1010 Animals is a game that provides fun for the entire family. The game is a pattern and puzzle game, so if you were ever a fan of Tetris, you would be a fan of this game. Only because the patterns come in animals and blocks does not mean it is not a game that will not make adults think about matching and spaces. The game certainly takes some practice and is not quite as easy as an adult approaching it for the first time might think.
The goal of the game is to score as many points as possible, just like most games. However, the surefire way to score more points is to drop the adorable animal blocks in to create full vertical or horizontal lines on the screen, which is not as easy as it sounds. When there is no space left to add blocks, the game ends.
When I played it for the first time, I noticed that it was the type of game that one improves with as time progresses. The first few sets of puzzles I was not able to formulate any lines or have the foresight to think far enough ahead. However, with a few rounds passing, I was able to do a better job of predicting because I became more familiar with the types of block patterns. Unlike Tetris, the blocks are not dropping, and the gamer has a full screen to drop in wherever he or she would like the animal block patterns. Warning: they might look cute, but they take some getting used to controlling, or, at least, it was true for this gamer!
One of the benefits of a game like this is that is attractive to youngsters learning about patterns and puzzles. This type of game appeals to the Kindergarten age because of the adorable animal pattern graphics the gamer is up against (and that is not to say adults will not enjoy the cute presentation of animals). The bright colors and the educational scope of a puzzle along with the challenge of making horizontal or vertical lines will interest children. This type of game I do not mind my Kindergartner playing; there are no guns or violence, just puzzles, and animals that challenge you to match and think ahead. Certainly, it provides excellent puzzle practice for young children who will also need to stick to the adage "practice makes perfect," but who will probably enjoy the fact you get points even if you are not making lines. With trial and error, it is the type of game that a young grade-schooler would eventually master. It 's hard enough to challenge adults, but simple enough for youngsters to play.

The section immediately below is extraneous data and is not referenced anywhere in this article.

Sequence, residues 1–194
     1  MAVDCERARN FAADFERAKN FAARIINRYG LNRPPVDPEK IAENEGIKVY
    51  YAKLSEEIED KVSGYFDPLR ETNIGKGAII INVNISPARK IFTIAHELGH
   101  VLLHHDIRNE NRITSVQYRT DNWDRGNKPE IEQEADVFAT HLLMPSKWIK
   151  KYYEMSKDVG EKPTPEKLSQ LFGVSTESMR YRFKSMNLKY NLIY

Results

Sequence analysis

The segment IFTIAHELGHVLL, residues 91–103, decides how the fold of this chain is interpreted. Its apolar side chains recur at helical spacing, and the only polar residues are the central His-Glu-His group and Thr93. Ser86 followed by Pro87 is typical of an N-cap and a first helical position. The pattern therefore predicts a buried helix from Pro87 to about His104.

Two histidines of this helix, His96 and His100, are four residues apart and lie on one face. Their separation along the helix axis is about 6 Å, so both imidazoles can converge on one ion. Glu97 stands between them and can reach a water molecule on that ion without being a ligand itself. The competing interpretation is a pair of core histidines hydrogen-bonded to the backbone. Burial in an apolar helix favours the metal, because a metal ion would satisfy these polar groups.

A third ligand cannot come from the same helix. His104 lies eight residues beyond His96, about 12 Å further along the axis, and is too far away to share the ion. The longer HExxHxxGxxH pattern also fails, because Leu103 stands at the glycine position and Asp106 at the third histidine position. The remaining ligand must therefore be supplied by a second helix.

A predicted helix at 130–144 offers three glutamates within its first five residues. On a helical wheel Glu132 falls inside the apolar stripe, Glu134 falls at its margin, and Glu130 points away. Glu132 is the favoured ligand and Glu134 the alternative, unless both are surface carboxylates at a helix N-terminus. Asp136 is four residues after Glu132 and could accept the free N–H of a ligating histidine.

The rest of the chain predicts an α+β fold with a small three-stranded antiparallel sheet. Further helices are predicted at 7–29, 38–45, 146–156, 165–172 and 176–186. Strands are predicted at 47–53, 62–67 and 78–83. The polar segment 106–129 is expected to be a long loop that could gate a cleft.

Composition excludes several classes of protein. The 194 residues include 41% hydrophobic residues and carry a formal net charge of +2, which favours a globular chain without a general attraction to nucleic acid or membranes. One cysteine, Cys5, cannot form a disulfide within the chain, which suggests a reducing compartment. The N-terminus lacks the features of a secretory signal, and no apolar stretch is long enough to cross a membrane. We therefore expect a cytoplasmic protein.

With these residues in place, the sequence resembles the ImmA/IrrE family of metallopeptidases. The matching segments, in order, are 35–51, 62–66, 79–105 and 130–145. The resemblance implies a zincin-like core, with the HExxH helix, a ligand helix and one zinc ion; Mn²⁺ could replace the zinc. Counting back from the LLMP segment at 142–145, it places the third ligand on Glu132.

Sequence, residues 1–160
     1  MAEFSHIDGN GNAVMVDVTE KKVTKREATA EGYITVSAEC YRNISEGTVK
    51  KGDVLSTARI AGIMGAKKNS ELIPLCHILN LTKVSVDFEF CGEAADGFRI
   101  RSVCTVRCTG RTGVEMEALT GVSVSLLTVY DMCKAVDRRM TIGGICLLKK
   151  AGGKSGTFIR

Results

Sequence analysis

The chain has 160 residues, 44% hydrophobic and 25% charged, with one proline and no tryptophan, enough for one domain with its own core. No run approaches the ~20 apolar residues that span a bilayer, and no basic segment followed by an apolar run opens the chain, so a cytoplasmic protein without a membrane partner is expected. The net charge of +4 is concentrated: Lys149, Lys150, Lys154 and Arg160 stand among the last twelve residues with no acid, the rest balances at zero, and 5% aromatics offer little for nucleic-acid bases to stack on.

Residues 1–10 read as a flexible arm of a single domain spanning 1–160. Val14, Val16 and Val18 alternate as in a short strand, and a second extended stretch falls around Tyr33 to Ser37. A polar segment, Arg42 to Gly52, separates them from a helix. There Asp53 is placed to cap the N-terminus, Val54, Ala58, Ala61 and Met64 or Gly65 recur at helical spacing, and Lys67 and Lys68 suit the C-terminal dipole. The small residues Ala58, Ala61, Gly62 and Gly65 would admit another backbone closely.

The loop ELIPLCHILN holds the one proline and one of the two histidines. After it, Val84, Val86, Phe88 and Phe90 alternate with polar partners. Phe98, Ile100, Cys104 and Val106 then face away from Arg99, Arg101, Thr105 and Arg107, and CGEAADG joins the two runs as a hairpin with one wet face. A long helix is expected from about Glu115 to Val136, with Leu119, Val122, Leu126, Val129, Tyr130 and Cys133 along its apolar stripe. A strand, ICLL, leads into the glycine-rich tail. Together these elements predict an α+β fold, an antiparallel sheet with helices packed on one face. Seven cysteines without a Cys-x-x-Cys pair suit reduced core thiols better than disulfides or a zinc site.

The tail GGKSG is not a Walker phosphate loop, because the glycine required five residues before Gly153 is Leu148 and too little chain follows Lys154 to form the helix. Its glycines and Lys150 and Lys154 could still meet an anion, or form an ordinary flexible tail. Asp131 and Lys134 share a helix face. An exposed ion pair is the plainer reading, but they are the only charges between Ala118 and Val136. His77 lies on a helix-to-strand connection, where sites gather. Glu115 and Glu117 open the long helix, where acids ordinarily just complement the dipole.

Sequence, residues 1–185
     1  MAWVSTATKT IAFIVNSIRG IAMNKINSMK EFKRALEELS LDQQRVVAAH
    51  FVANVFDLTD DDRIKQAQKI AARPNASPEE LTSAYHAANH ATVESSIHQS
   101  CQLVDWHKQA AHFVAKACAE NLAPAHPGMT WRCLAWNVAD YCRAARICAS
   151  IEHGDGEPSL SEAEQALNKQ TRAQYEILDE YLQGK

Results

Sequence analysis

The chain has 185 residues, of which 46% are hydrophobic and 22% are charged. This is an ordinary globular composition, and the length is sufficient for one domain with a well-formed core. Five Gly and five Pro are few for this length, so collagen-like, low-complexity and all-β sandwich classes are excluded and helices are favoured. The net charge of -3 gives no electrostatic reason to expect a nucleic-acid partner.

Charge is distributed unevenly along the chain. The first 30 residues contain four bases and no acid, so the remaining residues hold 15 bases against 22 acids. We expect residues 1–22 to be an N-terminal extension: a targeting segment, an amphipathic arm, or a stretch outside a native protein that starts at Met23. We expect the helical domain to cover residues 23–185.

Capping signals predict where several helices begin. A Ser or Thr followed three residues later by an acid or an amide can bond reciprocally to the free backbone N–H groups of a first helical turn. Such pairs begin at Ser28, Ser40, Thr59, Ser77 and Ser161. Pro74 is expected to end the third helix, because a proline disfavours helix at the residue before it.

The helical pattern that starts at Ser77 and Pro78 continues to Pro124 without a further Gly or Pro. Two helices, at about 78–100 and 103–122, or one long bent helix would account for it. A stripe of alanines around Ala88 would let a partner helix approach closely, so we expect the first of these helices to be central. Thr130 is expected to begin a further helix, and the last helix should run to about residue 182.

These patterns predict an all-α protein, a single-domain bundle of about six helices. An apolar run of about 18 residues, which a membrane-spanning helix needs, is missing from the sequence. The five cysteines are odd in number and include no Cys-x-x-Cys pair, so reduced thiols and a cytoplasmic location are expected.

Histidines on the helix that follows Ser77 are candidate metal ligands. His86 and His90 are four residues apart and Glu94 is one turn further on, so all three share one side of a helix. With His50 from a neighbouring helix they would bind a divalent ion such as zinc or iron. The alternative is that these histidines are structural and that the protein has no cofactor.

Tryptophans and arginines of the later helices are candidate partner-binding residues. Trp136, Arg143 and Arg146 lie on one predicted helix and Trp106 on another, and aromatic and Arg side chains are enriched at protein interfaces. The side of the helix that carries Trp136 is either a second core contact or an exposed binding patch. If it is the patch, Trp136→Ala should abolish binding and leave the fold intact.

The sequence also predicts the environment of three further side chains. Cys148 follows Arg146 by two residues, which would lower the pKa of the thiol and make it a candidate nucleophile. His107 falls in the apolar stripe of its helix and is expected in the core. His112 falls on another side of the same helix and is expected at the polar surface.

Furthermore, it is simply an excellent challenge for your left brain to embark upon, and whether you play it or your child does, it will help you improve overall at puzzle and patterns not only in games but everyday life.
So why not take a little time and try the game? It is certainly a benefit that it is a game you can play with your child and know that both of you are embarking not only on some fun gaming activities but increased educational experience and knowledge with puzzles and patterns. While the game is not two players, it is certainly possible to each take a turn and watch the other to see who does better. This pairing adds a definite edge of competition to a fun-filled family experience. Or, simply play the game alone, or show it to your child. Certainly, there is no harm in such an adorable, thought provoking; puzzle filled, educational game.